From June 19-26, leaders of ten of the fourteen “autocephalous,” or independent, Eastern Orthodox churches of the world met together on the island of Crete, marking the first time such a representative summit of Orthodox churches had assembled in a millennium.
Originally the idea was for the “Holy and Great Council” to be even more inclusive, bringing together leaders of all 14 churches, but at the last minute four of them backed out – including the all-important Russian Orthodox, who claim two-thirds of the roughly 275 million Orthodox Christians in the world.
Nevertheless, under the leadership of Ecumenical Patriarch Bartholomew of Constantinople, traditionally regarded as “first among equals” in the Orthodox world, the council pressed on.
Bartholomew said it’s critically important for the Orthodox to gather in such a setting, saying that without “synodality,” meaning the practice of getting together, “the apostolic message falls prey to various heresies and ruses of human reason.”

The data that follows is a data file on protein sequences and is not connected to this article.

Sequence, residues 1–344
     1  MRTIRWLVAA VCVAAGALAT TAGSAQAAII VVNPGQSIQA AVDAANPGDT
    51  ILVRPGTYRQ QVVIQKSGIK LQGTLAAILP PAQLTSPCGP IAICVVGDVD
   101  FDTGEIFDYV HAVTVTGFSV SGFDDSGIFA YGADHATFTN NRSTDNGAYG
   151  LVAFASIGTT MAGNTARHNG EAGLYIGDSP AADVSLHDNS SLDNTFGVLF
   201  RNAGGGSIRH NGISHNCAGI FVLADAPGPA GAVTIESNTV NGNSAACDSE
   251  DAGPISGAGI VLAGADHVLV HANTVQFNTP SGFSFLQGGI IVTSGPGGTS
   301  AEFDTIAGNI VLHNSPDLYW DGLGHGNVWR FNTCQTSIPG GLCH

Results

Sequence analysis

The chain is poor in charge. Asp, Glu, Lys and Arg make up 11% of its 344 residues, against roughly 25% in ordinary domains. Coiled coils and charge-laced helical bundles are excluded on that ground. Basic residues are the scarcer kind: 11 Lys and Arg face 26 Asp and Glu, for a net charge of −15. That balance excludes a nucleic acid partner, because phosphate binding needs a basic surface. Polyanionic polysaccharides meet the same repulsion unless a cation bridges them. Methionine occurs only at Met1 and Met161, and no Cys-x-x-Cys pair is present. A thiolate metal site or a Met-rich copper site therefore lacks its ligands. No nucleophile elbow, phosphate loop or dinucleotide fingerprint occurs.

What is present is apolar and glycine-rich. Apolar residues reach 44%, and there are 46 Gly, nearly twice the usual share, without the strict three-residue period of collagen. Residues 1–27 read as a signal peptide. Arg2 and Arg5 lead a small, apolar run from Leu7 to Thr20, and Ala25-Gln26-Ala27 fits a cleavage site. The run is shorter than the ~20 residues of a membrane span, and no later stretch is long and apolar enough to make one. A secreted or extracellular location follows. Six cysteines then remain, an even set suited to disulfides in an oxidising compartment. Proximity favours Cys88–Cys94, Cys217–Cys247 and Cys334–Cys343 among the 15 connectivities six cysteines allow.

Recently, a Brazilian-born journalist based in Rome named Filipe Domingues spoke to Nikos-Giorgos Papachristou, a Greek expert on Orthodoxy who’s currently in Rome at the invitation of the Vatican’s Pontifical Council for Promoting Christian Unity, about the significance of the council.
The interview originally appeared in the Brazilian news outlet O São Paulo; what follows is an English version of their conversation.
Domingues: What is the Orthodox Synod and why is it important?
Papachristou: The Holy and Great Synod (Council) of the Orthodox Church was an historic event in the life of Orthodox Christianity. It was the fruit of preparations that started in the early 60s, but various historical reasons and difficulties encountered by local Orthodox Churches delayed its implementation.